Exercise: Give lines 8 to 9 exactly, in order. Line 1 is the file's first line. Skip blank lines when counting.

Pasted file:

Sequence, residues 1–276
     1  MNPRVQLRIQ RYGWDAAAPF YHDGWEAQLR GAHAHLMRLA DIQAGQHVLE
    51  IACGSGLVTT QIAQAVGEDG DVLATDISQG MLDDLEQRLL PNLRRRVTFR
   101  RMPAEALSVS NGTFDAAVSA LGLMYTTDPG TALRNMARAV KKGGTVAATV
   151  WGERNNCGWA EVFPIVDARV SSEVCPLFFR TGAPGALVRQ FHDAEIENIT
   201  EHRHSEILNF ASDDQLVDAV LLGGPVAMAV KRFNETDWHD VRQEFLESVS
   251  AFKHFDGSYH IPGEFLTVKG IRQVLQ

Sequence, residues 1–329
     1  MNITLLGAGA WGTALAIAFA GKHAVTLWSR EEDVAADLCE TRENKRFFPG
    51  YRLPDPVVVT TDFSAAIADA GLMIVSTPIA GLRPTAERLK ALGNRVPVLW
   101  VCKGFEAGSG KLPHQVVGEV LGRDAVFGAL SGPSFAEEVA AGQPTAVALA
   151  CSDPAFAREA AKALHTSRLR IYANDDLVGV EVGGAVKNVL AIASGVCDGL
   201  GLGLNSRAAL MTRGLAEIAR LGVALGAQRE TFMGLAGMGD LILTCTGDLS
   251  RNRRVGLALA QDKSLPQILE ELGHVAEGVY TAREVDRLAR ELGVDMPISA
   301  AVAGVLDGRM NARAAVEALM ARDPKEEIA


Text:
Sequence, residues 1–329
     1  MNITLLGAGA WGTALAIAFA GKHAVTLWSR EEDVAADLCE TRENKRFFPG